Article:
Students will demonstrate an understanding of blocking by roughly blocking their scenes and writing down blocking in their scripts.
Draw a diagram of the stage on the board. (9 squares.) With the students’ help, fill in all the stage areas. Briefly review how to write stage directions.
Draw a little couch center stage of your diagram, a table up left, and a stick figure on the couch. Draw an arrow of a stick figure’s blocking path on the board and see if the students can write the stage directions. (such as cross DSR or XDSR.) Ask students to change writing implements with the person next to them and draw an arrow of the stick figure’s path as you read the following directions.
1. The man gets up from the couch. 2. The man walks down stage and talks. 3. The man crosses up stage right behind the table. 4. The man crosses to up (center) stage. 5. The man does a circular cross around the end table to down stage left. 6. The man exits down stage right.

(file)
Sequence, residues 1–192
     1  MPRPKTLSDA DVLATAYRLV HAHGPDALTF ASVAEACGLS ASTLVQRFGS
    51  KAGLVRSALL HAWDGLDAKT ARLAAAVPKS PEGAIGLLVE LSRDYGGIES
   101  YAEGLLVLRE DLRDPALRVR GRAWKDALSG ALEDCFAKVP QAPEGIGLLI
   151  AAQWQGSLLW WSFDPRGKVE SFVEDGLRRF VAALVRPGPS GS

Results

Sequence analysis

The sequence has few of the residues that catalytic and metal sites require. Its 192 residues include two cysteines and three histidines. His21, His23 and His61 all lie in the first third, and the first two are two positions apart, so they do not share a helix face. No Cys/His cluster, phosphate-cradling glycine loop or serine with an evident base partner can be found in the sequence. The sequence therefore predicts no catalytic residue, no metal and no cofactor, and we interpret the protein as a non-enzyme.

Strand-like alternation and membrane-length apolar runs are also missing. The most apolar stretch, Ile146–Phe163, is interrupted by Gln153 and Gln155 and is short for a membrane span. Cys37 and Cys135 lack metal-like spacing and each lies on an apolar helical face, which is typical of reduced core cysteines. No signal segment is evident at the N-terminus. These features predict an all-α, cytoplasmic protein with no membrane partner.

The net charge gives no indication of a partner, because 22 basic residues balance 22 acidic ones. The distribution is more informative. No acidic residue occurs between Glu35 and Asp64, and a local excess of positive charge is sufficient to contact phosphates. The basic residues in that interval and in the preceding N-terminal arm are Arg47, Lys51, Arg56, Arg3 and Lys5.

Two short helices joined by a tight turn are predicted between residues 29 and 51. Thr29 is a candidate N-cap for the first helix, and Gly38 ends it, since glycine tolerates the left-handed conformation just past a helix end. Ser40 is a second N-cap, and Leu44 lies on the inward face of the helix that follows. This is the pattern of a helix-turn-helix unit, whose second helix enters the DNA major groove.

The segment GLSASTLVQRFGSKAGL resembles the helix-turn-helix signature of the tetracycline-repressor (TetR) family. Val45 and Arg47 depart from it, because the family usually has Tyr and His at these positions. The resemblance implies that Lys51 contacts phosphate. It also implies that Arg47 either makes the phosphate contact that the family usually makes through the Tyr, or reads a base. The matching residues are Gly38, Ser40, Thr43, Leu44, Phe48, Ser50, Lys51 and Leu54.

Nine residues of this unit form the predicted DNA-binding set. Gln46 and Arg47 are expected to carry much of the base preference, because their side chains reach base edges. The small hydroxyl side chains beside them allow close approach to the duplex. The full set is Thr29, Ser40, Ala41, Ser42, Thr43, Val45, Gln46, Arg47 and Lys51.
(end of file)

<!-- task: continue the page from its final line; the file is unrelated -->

Have the students come up one at a time to draw one step of the stage directions with arrows to see if they were doing it correctly. Remind them of ways to keep left, right, up and down straight.
Go over the three different types of onstage movement.
1. Movement from Place to Place – Just what it sounds like 2. Gestures – Using our hands, arms, face & body to communicate non-verbally. (We also use gestures to add to our verbal communication.) 3. Stage Business – What we do with our bodies on stage. Are we fiddling with a prop, sitting with our legs crossed, knitting a sweater, etc?
Allow students time to work on their scripts and to work on blocking.’